I agree with Errol D’Cruz (Field Hockey.com article above) the penalty corner is now too dangerous to be continued in its present format (a statement I here base on the drag flick shot in the Irwin incident rather than the death of Lizzie Watkins, which D’Cruz mistakenly thought occurred during a penalty corner), but there is also a need for a definition of a dangerously played ball based on objective criteria, such as: 1) at a player and 2) within fifteen metres, 3) at a velocity that could cause injury, and 4) at above sternum height.

The emergence of the lifted reverse edge hit, so that it is now the preferred method of shooting at the goal in open play, makes such controls essential because the edge hit is generally not as well controlled, especially regarding height, as hit made with the falt of the face of the stick.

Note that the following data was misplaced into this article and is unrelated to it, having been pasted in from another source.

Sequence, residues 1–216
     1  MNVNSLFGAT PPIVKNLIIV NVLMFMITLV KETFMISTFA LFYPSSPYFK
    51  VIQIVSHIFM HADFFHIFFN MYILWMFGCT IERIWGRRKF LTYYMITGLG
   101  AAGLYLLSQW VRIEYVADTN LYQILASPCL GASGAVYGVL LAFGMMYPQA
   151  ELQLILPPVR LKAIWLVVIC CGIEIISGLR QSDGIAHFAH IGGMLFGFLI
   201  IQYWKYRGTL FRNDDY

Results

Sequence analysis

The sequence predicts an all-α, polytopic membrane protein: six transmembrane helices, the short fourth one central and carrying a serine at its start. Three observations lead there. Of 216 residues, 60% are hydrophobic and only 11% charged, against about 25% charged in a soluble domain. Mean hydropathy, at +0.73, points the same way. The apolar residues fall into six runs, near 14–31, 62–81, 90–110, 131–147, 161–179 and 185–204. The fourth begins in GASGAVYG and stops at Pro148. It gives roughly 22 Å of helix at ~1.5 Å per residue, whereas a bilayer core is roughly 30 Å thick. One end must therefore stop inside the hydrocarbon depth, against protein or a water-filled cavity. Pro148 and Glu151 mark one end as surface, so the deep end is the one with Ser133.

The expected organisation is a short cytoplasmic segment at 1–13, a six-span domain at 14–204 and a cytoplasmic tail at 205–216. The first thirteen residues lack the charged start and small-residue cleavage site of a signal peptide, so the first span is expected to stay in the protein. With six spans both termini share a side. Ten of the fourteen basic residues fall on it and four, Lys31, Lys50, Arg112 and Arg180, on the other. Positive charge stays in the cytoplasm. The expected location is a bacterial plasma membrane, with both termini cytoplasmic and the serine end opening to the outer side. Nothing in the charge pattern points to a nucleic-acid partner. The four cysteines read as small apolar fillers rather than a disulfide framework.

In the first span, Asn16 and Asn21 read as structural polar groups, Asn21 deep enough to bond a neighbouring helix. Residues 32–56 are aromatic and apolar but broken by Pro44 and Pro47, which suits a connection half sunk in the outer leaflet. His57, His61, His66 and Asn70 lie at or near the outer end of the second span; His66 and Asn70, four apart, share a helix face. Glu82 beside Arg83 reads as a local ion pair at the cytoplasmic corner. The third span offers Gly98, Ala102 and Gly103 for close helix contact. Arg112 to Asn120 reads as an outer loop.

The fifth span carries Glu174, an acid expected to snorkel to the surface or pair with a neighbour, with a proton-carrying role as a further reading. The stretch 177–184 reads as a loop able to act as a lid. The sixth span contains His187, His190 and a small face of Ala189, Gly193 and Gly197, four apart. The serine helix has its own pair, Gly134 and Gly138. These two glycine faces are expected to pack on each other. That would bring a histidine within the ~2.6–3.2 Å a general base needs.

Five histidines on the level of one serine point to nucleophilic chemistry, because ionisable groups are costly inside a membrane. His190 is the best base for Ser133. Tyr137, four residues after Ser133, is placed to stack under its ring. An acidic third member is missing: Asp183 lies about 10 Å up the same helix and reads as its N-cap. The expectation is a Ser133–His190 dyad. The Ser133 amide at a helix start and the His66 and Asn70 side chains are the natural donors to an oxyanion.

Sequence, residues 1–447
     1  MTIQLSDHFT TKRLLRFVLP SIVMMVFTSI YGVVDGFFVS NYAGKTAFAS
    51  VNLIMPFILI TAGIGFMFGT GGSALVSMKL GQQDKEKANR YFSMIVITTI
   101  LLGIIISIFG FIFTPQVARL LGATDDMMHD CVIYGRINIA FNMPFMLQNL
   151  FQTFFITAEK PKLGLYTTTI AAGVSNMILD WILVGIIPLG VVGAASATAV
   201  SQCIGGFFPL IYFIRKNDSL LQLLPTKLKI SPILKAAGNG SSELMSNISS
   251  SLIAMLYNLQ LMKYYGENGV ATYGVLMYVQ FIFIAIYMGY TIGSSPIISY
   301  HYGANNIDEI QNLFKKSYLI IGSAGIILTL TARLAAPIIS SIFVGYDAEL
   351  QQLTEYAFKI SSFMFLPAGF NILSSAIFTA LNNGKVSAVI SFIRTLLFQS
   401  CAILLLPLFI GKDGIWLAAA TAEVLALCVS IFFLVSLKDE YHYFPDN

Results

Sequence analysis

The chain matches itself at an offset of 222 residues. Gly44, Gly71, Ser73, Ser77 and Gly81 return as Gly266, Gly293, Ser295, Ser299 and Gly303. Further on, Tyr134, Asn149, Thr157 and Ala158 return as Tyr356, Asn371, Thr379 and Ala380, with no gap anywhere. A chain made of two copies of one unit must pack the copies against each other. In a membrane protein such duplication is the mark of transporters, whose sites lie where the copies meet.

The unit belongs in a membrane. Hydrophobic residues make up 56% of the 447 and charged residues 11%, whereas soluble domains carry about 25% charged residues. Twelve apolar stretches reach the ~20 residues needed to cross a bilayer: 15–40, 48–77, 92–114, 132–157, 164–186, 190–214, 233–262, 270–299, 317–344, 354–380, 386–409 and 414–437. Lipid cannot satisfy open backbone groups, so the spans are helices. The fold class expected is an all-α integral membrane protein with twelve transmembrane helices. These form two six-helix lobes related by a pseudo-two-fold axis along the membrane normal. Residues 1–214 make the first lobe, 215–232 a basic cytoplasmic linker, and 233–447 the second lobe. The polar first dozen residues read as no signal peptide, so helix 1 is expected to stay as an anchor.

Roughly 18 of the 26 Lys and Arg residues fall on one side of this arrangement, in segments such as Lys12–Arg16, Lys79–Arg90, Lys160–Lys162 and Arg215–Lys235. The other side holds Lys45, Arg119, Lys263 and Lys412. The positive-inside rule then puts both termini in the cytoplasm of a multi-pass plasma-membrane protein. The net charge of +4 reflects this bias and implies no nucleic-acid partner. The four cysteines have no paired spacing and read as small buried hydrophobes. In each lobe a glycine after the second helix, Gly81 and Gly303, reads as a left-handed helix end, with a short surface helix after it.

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Players should be given the facility to judge for themselves when they can evade the ball without ‘giving away’ a goal. At present players are being forced to self-defence when a high ball is played directly at them, because evasion of the ball is generally not seen as ‘legitimate’ by umpires unless the shooter is within five meters of the defender when the ball is propelled (and often not even then – see the first presented video above). When a ball may be propelled at 75mph / 120kph or more, five metres is a ridiculously short distance on which to base ‘dangerous’ – evasion is often not possible from more than twice that distance. To talk of skill level in determining if a ball of that velocity is (or even can be) dangerous is absurd.

Endangerment should be based on the propensity of the ball to inflict injury on any person it hits, not on the supposed ability of the person endangered to avoid being hit. The physiology of international level athletes, when it comes to the effects of ball impacts on flesh and bone, is the same as that as any other human being, and the difference in reaction times, between Olympic level athletes and the average healthy individual of the same approximate age, are statically insignificant.